"I don't change a thing," he said. "I've been using the same stuff for 14 years, going through the same routine. I kind of feel like that's desperation when you start changing things up and that can mess with your mind a bit because if it doesn’t work then you're left in no-man's land."
Jake Muzzin will play his first game in Los Angeles since the Kings traded him to the Leafs in January 2019. The defenceman was injured when Toronto last made a trip to California in March 2020.
"It's going to be something different for sure," the 32-year-old said. "Kind of a weird situation how it all worked out, being hurt and then COVID, but three years later here we are. There will definitely be some feelings going back into that barn. We have some good memories there."
Muzzin won a Stanley Cup with the Kings in 2014. He was honoured with a video tribute despite not playing during his last trip to Staples Center.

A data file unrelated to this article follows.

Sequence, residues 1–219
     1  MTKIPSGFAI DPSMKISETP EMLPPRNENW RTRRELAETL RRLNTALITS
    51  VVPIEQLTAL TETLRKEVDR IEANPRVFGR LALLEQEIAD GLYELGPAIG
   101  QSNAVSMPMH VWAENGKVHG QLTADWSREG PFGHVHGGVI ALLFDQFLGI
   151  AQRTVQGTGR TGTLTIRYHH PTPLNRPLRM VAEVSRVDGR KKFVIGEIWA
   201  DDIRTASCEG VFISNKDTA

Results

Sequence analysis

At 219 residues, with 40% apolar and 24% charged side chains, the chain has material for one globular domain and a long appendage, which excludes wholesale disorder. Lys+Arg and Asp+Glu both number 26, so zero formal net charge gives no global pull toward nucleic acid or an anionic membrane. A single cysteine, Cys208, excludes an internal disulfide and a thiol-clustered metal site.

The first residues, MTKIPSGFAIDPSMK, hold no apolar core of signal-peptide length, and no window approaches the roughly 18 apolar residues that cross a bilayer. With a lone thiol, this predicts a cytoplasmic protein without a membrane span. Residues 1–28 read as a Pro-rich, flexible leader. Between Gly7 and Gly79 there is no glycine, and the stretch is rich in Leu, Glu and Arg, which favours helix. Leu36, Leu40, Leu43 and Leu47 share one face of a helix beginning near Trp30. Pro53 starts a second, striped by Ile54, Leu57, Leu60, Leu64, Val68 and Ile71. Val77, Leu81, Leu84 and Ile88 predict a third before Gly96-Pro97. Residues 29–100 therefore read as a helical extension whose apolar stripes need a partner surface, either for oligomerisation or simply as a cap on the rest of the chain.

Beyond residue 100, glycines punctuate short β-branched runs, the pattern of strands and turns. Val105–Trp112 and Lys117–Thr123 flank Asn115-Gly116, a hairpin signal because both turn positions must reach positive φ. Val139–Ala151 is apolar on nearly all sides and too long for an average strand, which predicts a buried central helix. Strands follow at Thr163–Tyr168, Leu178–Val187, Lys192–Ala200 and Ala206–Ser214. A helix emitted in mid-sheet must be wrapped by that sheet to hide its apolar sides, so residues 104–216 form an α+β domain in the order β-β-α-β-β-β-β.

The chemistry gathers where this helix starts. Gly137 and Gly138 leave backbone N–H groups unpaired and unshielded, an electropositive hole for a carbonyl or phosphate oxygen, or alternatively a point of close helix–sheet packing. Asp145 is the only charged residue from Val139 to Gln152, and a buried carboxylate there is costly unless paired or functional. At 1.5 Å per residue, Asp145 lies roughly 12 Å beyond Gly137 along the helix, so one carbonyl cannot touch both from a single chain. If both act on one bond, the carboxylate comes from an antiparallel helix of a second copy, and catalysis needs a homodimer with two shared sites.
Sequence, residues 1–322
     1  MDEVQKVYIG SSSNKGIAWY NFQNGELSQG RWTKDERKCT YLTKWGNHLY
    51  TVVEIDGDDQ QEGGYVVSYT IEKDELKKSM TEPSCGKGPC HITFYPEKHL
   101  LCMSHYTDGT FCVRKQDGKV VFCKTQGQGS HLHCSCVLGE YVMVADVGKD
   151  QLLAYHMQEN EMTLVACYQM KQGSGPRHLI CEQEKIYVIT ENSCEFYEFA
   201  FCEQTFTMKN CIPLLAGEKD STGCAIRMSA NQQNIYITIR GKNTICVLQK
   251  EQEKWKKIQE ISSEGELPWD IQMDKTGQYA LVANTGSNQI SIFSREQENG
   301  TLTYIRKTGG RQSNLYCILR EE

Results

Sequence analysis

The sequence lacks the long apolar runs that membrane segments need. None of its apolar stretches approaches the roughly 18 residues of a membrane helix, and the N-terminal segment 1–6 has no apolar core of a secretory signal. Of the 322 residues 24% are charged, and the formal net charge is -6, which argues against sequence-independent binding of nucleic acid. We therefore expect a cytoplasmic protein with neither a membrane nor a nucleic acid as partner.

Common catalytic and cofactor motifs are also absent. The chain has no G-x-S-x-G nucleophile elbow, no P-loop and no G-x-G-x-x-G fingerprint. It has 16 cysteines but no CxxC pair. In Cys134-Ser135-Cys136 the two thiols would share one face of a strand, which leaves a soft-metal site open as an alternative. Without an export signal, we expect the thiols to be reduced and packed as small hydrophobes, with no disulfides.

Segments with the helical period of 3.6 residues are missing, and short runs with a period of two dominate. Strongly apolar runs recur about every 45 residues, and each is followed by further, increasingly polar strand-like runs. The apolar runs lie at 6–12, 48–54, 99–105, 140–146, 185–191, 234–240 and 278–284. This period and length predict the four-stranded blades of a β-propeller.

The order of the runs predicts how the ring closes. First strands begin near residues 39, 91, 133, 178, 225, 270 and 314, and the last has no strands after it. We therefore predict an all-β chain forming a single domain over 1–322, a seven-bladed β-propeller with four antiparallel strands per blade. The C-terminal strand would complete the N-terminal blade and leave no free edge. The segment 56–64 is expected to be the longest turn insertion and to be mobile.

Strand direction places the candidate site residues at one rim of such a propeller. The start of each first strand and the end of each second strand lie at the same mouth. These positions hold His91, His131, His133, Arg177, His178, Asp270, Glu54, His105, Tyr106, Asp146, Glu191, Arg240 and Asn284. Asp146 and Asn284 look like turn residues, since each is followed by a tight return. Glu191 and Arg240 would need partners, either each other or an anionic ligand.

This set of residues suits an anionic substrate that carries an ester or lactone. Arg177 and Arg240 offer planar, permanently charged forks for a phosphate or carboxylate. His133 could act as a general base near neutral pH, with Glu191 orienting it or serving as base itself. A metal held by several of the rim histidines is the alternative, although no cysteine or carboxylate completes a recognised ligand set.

"Getting the love from the fans was something special," he said.
The memories have been flooding back since the Leafs landed on Monday.
"Just driving around even," Muzzin said. "You spend a lot of time here. A lot of good memories. I grew up as a pro here. There's a lot of memories everywhere."
In return for Muzzin, the Kings received winger Carl Grundstrom, the rights to defenceman Sean Durzi and a first-round pick in the 2019 NHL Draft, which would become defenceman Tobias Bjornfot.
Durzi, who has 13 points in 16 games in the American Hockey League this season, will make his NHL debut on Wednesday night.
"He's been a real good student of the game since he's been in our organization," said Kings coach Todd McLellan. "He's put his time in and done real good things as far as development goes at the American League level."
Projected Leafs lines for Wednesday's game:
Bunting - Matthews - Marner
Kerfoot - Tavares - Nylander
Ritchie - Kampf - Kase
Engvall - Spezza - Simmonds
Rielly - Brodie
Muzzin - Holl
Sandin - Liljegren
The last Leafs game in Los Angeles went to a shootout— Mark Masters (@markhmasters) November 24, 2021
Jason Spezza ready if needed tonight (just ask Joseph Woll) pic.twitter.com/UNmNcDSvnI